How Can We Change What We Are Doing as Adults?


September 24, 2014


Forest Grove School District Superintendent Yvonne Curtis writes the latest entry in the Oregon Leadership Network's new, monthly blog series.

Albert Einstein once said that the definition of insanity is doing the same thing over and over and expecting different results.

In the Forest Grove School District, we’ve been focusing on equity for years. We began with race and equity dialogues, then learned to look at disaggregated data to learn about our achievement gaps.

Now we are seeking to understand why we continue to get disproportionate outcomes in both discipline and student achievement.

I believe that as we change our discipline practices and policies, we will learn about other practices we need to change in order to close the achievement gaps in every one of our schools. We want to learn what other districts are doing, find out what’s working and not, and solve problems through collaboration. (We are looking forward to participating in the OLN subcommittee to learn how we can change our current policies and practices to eliminate discipline disparities.)

As I reflect on our equity work over the past five years during my tenure as the Forest Grove School District Superintendent, I see that we have spent a great deal of time talking about concepts like institutional racism, oppression, and white privilege. When we look at our students, we talk about background and identity. I ask, “How can we foster a strong identity in a student who can’t read, write, speak English, or do math like their successful peers?”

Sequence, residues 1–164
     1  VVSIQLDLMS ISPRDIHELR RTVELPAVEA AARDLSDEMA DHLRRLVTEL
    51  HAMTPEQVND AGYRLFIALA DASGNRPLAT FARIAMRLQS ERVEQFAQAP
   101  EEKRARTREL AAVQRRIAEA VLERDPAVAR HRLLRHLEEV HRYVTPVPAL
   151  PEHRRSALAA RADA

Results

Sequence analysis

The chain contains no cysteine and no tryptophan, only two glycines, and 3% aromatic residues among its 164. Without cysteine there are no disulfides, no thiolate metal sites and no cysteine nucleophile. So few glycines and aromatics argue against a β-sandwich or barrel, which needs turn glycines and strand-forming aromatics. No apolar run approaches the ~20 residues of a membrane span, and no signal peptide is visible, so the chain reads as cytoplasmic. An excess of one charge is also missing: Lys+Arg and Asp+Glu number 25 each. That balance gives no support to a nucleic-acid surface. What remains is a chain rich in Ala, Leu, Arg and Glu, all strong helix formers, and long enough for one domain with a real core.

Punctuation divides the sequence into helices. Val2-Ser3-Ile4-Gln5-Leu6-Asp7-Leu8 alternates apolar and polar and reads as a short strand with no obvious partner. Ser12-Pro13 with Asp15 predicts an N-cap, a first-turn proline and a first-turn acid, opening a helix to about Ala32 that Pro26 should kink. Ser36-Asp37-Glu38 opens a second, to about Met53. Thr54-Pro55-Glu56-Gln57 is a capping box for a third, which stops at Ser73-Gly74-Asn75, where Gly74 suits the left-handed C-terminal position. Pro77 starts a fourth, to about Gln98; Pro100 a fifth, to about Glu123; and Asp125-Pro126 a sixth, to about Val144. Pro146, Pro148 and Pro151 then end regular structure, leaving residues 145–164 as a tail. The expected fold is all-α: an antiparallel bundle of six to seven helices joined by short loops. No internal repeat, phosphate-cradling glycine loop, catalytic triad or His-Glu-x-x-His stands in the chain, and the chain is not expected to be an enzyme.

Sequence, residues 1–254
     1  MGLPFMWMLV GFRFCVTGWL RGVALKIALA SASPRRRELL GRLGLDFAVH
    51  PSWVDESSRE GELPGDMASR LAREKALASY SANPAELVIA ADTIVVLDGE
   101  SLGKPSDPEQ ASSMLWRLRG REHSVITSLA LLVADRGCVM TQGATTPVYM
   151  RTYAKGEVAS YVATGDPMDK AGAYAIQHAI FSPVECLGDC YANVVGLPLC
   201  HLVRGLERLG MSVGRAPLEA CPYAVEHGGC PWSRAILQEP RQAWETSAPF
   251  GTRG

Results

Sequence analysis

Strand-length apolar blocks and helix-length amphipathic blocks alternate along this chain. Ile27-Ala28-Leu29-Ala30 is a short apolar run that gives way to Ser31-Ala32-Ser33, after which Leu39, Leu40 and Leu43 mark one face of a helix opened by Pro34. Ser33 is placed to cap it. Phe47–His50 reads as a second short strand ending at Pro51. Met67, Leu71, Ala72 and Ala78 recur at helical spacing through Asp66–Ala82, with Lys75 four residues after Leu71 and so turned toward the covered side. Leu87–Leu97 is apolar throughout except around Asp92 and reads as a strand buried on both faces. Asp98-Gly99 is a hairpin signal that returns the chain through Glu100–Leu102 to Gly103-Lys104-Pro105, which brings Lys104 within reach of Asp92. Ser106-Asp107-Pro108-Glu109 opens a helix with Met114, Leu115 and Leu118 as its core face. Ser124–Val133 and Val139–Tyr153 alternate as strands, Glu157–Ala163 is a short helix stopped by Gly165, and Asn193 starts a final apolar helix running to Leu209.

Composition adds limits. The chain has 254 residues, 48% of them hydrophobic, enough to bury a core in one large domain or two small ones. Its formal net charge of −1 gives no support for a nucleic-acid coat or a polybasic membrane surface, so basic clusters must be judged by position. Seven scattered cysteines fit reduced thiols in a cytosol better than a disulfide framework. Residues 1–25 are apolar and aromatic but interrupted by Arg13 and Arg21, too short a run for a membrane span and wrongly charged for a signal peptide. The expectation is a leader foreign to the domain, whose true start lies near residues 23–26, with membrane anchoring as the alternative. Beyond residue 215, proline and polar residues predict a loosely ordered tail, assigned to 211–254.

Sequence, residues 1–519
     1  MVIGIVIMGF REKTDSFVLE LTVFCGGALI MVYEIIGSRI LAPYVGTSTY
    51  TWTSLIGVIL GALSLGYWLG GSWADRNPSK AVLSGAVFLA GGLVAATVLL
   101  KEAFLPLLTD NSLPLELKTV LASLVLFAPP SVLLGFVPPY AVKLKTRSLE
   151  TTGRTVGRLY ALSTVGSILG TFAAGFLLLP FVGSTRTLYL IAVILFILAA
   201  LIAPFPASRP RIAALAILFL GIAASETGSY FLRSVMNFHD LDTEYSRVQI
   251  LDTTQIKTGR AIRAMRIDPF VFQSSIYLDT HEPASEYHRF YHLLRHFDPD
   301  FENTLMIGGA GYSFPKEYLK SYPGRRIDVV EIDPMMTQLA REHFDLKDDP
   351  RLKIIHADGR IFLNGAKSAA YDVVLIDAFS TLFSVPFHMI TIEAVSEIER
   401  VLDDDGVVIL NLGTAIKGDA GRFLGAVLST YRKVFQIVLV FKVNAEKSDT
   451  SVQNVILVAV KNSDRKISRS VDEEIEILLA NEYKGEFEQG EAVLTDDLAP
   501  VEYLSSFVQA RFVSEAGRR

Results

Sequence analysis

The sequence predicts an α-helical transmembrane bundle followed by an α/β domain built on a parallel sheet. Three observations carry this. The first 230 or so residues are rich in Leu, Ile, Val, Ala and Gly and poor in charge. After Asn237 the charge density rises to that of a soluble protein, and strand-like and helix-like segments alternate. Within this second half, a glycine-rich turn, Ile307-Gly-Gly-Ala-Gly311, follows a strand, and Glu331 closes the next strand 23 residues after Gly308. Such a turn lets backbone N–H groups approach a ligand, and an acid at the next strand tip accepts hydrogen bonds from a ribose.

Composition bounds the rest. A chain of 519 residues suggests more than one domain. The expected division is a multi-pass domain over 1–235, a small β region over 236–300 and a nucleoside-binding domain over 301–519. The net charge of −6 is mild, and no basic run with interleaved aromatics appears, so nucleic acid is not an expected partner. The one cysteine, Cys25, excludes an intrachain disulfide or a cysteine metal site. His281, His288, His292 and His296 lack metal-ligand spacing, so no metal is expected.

While I see that our leaders are committed to equitable practices, we still lack the knowledge of how to take action in ways that result in equitable practices.

We believe the solution lies with the adults in the system developing a practice of “seeing” the experience of an individual student or groups of students and “acting” differently in the moment to change their experience. We want to provide rigorous and relevant classroom experiences where students are passionately engaged and learning in community.

We don’t want to put students out of the classroom as a discipline strategy when we know from experience and research that students must be in the classroom to access the learning experience. If a classroom learning experience is engaging, rigorous, and relevant to students, and if the classroom environment is collaborative and supportive, every student can learn and reach their highest potential.

We know that equity work requires the adults to see through an equity lens, and understand what students need. Equity work requires the adults to understand and reflect upon our own beliefs and how we came to believe in them. Perhaps some of our beliefs are not adequately serving us, or our students, well. We need to understand the relationship between our beliefs, our practices, and the results we are “seeing” in our students.

We are embarking on a new journey in our equity work that begins with attending to the relationships of the adults because we know that the quality of the adult relationships directly impacts our effectiveness. Parker Palmer says that in education we pay a great deal of attention to the what, the why, and the how, but rarely do we consider the “who” is doing the teaching.

Equity work is deeply personal and relational. We know that we must enter into this realm or we will continue to get the results we are currently getting!